Small Steps

To infinity and beyond!

The final frontier.  As a kid, I’ve never acquired the obsession with space travel that so fascinated the prototypical ‘geeks’ of my generation.  Before high school, my friends and I began to specialize: the road to anime, the way of the superhero, the path of fantasy, the . . .  starport to sci-fi.  Most of us would explore other genres as well, adopting one another’s obsessions in time.  I introduced Dasad to Tolkien; he led me to comic shops, where I began collecting Batman; our friend, Lloyd, reveled in mecha anime, magical girls, Dragonball and Pokemon.  We all loved video games so finding common ground proved easy.

Still amid all the late movie marathons and gaming sessions, their interest in space and future tech never really stuck.  The nature of space and its prerequisite vacuum always seemed overwhelming and claustrophobic at the same time, like the paradox of a man trapped within infinity — or Marty always running out of time in Back to the Future.

Space is big. You just won’t believe how vastly, hugely, mind-bogglingly big it is. I mean, you may think it’s a long way down the road to the drug store, but that’s just peanuts to space. — Douglas Adams Continue reading

Universal-ly Accepted

None of this architecture is ‘necessary,’ per se, serving no other purpose than to tantalize the eye and imagination, and just so, I love every detail. Who wouldn’t want a windmill spinning atop their house, or a clam-powered faucet?

Details are important.  Any fan of H.G. Wells’ science-fiction will inform you that ignoring the little things in life can prove fatal . . . you know, because all the aliens died in Wells’ novel War of the Worlds . . . because they never considered Earth’s micro-organisms . . . and because of this ‘tiny’ oversight of these microbes the space invaders ended up a ‘little’ dead . . . which is to say ‘very.’

Which brings me to my second point: subtlety.  Subtlety is also a very important quality, especially in writing.  However, in theme parks, the subtle touch is best left outside the gates, along with moderation and unapproved coolers.  In a well-designed theme park, the act of walking or waiting should prove as entertaining as the rides themselves, engaging the imagination as well as the senses.  At the risk of sounding like a dork, I enjoy the lure of another world, of the fantasy.  To quote John Hammond: “I’m not talking about rides.  Everyone has rides.” Continue reading

Wage and War

Like a femme fatale, the curves here proved deadly.

The 3rd Annual Ice Cream Invitational.  Every summer in Disney, Rodney and Ryan compete with Shannon and ‘yours truly’ in a sacred triathlon that tests the very limits of our body, our heart, and — dare I say — our sanity, a contest fit for gladiators (American or otherwise).  The contest consisted of three rounds.  The first grueling challenge sets brother against brother on the miniature golf course, and then the fiery hell of the tennis court . . .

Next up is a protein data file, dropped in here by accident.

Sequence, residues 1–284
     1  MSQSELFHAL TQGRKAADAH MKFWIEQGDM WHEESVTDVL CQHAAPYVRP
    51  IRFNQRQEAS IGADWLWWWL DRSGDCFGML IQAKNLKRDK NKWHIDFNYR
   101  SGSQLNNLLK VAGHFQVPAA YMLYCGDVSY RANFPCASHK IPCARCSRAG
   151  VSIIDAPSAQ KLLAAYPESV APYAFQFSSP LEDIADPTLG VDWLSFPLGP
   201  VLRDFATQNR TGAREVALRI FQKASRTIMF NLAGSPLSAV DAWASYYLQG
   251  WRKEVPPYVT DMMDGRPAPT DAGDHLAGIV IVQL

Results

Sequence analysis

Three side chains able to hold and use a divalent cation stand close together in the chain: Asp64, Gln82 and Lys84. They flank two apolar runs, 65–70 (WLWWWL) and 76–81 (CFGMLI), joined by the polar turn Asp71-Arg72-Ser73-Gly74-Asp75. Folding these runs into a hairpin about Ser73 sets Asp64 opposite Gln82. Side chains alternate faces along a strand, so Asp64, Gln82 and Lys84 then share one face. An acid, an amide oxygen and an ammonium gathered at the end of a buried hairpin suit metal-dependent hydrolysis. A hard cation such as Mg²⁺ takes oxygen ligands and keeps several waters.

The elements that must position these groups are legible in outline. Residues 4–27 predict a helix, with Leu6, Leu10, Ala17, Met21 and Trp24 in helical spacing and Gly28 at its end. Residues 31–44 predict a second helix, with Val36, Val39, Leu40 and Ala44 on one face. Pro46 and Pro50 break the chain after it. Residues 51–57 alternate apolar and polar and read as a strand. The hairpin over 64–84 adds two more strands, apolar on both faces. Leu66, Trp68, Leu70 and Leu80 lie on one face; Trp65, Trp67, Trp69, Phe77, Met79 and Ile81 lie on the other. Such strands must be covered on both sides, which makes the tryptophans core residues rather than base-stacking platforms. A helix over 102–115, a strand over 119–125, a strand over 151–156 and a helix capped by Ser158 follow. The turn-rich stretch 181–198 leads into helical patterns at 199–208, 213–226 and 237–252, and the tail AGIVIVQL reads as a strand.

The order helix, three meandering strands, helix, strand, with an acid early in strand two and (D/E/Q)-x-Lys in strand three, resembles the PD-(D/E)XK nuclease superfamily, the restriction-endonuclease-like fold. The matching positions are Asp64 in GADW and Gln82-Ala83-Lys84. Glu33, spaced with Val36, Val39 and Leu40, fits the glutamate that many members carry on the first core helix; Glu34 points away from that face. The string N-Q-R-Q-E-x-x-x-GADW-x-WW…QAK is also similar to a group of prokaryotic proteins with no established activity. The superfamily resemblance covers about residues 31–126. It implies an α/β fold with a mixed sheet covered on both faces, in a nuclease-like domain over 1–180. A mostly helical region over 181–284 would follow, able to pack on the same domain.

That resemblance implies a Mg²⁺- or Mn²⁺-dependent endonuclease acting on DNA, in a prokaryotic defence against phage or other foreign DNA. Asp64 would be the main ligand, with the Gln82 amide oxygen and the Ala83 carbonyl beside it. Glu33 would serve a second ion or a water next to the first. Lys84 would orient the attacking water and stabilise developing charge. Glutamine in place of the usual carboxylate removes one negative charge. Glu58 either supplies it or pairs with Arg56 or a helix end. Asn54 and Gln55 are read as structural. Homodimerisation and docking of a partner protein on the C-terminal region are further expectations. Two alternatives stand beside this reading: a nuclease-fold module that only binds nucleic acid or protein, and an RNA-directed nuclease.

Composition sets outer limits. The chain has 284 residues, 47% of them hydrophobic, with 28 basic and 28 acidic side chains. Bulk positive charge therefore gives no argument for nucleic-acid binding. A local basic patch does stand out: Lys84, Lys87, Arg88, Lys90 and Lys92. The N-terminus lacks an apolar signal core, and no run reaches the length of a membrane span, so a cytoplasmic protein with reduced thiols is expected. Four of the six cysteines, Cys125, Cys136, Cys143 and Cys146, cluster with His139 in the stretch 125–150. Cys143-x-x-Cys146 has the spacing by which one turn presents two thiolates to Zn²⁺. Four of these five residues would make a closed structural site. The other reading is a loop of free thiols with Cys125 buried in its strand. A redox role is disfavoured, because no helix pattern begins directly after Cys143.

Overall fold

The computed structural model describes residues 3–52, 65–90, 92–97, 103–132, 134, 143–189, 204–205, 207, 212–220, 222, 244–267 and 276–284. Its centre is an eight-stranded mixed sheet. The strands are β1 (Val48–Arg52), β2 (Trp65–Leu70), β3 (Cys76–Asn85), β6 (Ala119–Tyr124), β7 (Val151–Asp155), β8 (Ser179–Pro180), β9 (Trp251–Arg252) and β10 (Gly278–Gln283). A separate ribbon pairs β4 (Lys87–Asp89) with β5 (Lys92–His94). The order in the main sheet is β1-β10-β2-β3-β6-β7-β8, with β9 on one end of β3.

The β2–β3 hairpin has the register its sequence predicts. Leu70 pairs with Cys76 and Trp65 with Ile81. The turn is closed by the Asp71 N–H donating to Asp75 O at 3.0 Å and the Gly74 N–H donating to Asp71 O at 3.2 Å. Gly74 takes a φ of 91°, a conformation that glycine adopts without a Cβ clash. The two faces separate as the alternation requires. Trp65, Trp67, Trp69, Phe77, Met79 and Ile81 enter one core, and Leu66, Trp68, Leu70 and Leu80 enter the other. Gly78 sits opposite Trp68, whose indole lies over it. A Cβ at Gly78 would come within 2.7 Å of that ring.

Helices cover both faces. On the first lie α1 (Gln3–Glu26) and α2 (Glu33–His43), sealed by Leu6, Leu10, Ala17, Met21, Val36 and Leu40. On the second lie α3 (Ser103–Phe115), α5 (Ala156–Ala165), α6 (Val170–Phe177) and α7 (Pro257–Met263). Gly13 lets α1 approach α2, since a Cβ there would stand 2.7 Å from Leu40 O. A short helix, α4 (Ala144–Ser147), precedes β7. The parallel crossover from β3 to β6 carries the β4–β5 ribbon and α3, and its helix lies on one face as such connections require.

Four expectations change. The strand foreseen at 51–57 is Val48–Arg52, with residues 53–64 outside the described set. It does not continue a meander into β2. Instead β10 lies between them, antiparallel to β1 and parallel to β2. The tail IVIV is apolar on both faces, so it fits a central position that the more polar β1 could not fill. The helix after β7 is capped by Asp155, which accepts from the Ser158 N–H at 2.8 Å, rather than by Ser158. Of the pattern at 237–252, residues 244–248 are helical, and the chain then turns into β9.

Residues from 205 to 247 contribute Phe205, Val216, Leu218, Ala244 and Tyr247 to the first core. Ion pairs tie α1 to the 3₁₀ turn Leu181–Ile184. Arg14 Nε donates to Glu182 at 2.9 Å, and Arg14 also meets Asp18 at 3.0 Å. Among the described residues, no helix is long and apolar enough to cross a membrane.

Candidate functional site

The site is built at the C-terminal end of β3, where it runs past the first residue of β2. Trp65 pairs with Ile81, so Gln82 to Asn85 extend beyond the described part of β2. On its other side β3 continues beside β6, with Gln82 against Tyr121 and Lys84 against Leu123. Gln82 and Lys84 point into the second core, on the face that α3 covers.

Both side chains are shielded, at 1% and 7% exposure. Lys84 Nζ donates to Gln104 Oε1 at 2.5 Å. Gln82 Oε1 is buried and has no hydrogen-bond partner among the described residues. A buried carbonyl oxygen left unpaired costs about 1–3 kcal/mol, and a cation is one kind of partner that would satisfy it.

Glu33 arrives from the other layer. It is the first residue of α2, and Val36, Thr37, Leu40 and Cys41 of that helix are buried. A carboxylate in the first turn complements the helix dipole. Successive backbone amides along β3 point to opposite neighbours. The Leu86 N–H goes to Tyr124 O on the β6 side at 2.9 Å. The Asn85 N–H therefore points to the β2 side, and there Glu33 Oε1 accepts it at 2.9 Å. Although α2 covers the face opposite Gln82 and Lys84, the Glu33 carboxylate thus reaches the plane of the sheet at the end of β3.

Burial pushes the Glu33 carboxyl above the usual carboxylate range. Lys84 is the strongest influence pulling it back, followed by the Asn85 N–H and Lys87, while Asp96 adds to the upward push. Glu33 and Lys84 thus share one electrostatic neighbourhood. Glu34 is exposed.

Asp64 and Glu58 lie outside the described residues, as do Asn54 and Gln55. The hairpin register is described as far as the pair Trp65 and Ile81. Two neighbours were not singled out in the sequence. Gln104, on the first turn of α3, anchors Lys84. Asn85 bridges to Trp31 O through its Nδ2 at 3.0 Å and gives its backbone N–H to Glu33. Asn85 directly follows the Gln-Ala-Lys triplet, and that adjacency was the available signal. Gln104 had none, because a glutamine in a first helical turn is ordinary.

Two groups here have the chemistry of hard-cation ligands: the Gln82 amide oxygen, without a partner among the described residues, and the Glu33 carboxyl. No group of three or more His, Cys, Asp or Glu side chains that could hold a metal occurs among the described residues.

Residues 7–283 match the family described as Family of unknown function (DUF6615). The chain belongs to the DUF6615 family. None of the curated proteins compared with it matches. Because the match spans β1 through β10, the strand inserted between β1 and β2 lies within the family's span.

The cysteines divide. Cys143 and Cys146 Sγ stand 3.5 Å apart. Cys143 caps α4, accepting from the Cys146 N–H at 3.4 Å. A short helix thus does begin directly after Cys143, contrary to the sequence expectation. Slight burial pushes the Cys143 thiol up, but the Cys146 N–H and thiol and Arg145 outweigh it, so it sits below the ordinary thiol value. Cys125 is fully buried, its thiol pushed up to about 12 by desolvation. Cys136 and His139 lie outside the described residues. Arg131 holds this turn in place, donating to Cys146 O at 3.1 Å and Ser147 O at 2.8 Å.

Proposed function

Wait, why are you rolling your eyes?  Seriously, whatever you THINK you know about miniature golf, forget it.  Disney’s Fantasia Fairways is a theme park asylum covered in undulating green felt, reminding you why men have loved and cursed the bloody game for centuries.  No cartoon castles litter the course.  The pathway to the hole rises and falls like waves on a storm-tossed sea so there’s no ‘trick’ or ‘perfect putt’ to secure your hole in one . . . just luck and the pity of God.  This was to be our battlefield — our Ragnarok, some may say days from now — and waiting for us at the end, a rich waffle cone, filled with soft-serve and seasoned with the blood and tears of our enemies. Continue reading

Trip around the World

So, the boys and I sat down to watch Blade Runner last night: not the original theatrical release, the remastered director’s final cut with the unicorn and without the voice over — if you’ve ever seen the film you’ll know why it’s important to be specific. Sadly, Kevin and Shannon barely lasted through the first fifteen minutes, citing exhaustion and heavy eyelids as the reason. I can’t really blame them; the slow deliberate pacing of the film is not for everyone, particularly movie-goers in this post-Avengers world. Still the world that Scott drafted in the film delights me with its horrid beauty like a living breathing movie monster. If the boys could get past the pace, I think they’d find a wonderful enlightening experience.

What’s all this got to do with Disney and vacation?

Well, on Tuesday, we had stepped out into the rain to eat lunch at Epcot, which lies within walking distance of the Boardwalk Resort. Epcot unlike the other Disney parks is often ignored I think by the younger generations. It doesn’t possess the flumes, animals, and roller coasters of the more ‘fun’ parks, but offers a worthwhile experience if you’re willing to explore . . . and perhaps old enough to drink.  Just like Blade Runner. Continue reading

This Little Job of Mine

The first day of our Disney vacation (as appose to our ‘road trip vacation,’ ‘St. Augustine vacation’ or ‘cabernet-induced vacation’) found Tropical Storm Debbie hovering over our resort like a large fly buzzing a particularly spacious picnic.  Other families may feel flummoxed by the gloomy weather, bolting themselves inside until the sun should emerge to chase away the gloom to some other, less entertaining state . . . like Ohio, but the Murphey clan does not shrink from natural calamities.  We simply bought a quiver of over-priced Disney umbrellas and trod to the local cinema . . . like men! Continue reading